Some of the tuna made five or six arm-aching runs before coming to the boat. The fish were gaffed - it’s faster than netting - and hooks immediately were rebaited and put out until the bite waned.

Six albacore - known as “longfin tuna” because of their unusually lengthy pectoral fins - littered the boat floor after the first siege.

Coleman kicked into gear again, trolling jigs as he searched the horizon for a run and gun. Both methods found schools in a pattern he repeated until shortly after noon, when the four anglers had caught 33 albacore.

With the wind picking up, he gave us an option to call it good, and we did.

Richey filleted the catch on the salt-sprayed deck as the boat rocked and rolled during the rough run back to port. By the time Coleman eased off the throttle at Westport Marina, all the fish were processed and bagged, including a neat kite-shaped tuna belly slab from each fish.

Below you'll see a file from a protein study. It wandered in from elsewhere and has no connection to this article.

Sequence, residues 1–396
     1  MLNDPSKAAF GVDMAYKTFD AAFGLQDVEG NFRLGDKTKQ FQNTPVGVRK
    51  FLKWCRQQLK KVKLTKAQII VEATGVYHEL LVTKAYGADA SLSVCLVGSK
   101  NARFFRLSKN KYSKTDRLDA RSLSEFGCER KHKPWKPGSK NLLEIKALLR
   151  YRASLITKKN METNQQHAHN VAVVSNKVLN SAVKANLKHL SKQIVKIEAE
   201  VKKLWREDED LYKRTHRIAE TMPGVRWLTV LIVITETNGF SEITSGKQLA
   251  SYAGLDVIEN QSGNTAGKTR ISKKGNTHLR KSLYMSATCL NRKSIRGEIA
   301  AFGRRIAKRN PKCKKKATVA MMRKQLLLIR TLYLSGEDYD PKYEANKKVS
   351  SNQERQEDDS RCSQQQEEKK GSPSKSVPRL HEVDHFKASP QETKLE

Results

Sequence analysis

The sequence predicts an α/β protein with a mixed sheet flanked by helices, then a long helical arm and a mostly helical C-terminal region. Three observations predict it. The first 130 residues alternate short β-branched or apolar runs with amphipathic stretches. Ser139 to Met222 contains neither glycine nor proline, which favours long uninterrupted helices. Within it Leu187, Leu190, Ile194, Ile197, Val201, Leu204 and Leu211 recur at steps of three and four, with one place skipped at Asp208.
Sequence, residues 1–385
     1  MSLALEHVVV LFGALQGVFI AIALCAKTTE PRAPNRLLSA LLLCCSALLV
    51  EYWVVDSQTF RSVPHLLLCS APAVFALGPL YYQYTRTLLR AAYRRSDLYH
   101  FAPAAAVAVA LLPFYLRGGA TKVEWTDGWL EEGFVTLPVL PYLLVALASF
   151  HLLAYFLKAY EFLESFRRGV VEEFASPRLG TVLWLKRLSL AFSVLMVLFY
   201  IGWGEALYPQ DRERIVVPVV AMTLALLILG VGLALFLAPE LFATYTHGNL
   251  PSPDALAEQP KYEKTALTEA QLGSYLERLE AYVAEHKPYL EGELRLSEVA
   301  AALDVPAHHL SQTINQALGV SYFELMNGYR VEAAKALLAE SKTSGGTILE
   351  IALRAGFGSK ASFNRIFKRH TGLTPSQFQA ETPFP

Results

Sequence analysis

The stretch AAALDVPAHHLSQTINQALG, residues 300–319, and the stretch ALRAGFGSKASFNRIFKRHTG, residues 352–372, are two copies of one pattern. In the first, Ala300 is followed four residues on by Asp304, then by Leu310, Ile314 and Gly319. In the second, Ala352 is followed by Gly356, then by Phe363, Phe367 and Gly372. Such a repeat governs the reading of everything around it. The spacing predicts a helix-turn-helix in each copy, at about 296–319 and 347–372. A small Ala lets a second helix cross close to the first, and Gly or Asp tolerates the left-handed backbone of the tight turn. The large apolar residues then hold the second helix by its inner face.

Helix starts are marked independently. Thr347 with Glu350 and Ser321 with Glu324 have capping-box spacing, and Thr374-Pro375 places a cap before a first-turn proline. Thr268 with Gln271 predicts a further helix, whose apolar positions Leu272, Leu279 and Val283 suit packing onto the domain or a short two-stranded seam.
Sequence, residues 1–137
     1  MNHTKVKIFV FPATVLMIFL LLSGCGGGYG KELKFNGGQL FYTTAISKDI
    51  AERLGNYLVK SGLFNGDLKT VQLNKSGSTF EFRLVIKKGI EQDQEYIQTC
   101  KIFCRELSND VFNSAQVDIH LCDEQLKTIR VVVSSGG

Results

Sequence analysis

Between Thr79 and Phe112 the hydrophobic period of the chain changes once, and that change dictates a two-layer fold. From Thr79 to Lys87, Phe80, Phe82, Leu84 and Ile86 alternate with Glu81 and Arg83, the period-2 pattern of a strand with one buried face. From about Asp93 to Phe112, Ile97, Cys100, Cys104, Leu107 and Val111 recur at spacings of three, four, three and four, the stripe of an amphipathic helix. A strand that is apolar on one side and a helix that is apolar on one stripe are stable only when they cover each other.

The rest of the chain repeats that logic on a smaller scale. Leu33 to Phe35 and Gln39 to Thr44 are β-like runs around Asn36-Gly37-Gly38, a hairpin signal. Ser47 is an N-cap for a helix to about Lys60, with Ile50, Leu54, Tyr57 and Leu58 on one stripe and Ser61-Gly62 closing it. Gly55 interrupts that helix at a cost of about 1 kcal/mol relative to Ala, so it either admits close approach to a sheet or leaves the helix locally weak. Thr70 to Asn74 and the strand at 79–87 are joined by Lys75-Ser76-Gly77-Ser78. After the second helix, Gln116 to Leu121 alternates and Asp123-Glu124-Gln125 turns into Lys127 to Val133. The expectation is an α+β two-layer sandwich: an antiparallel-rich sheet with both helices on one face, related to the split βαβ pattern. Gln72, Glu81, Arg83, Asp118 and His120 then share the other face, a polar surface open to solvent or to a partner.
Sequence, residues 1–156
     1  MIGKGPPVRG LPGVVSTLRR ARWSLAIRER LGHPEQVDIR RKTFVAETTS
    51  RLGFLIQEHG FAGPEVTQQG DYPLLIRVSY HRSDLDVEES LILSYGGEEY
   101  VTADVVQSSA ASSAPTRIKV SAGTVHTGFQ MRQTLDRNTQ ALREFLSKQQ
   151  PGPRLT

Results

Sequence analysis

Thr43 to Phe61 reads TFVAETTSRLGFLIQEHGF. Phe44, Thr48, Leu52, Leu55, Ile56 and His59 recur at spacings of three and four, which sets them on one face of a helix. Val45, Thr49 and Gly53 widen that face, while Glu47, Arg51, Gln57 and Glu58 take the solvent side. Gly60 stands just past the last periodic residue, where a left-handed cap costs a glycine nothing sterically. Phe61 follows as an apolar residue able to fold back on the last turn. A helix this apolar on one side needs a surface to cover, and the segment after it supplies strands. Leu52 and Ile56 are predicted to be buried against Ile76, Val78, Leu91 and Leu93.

Depending on the weather, bar conditions and tides, the return time to Westport may be slightly early or late in order to be safe. The ocean calls the shots.

But on this September day, we were easily back by 3 p.m. - soon enough to load ice and fish into our vehicle, avoid the traffic gridlock on I-5 and beat the 6:30 blasting closure on I-90 at Snoqualmie Pass by three minutes. We called it a day back in Spokane in time for a good night’s sleep.

The gourmet part of albacore fishing started the next evening, complemented by a bottle of chardonnay.

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The original story can be found on The Spokesman-Review’s website: http://bit.ly/2dwS2uE

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Information from: The Spokesman-Review, http://www.spokesman.com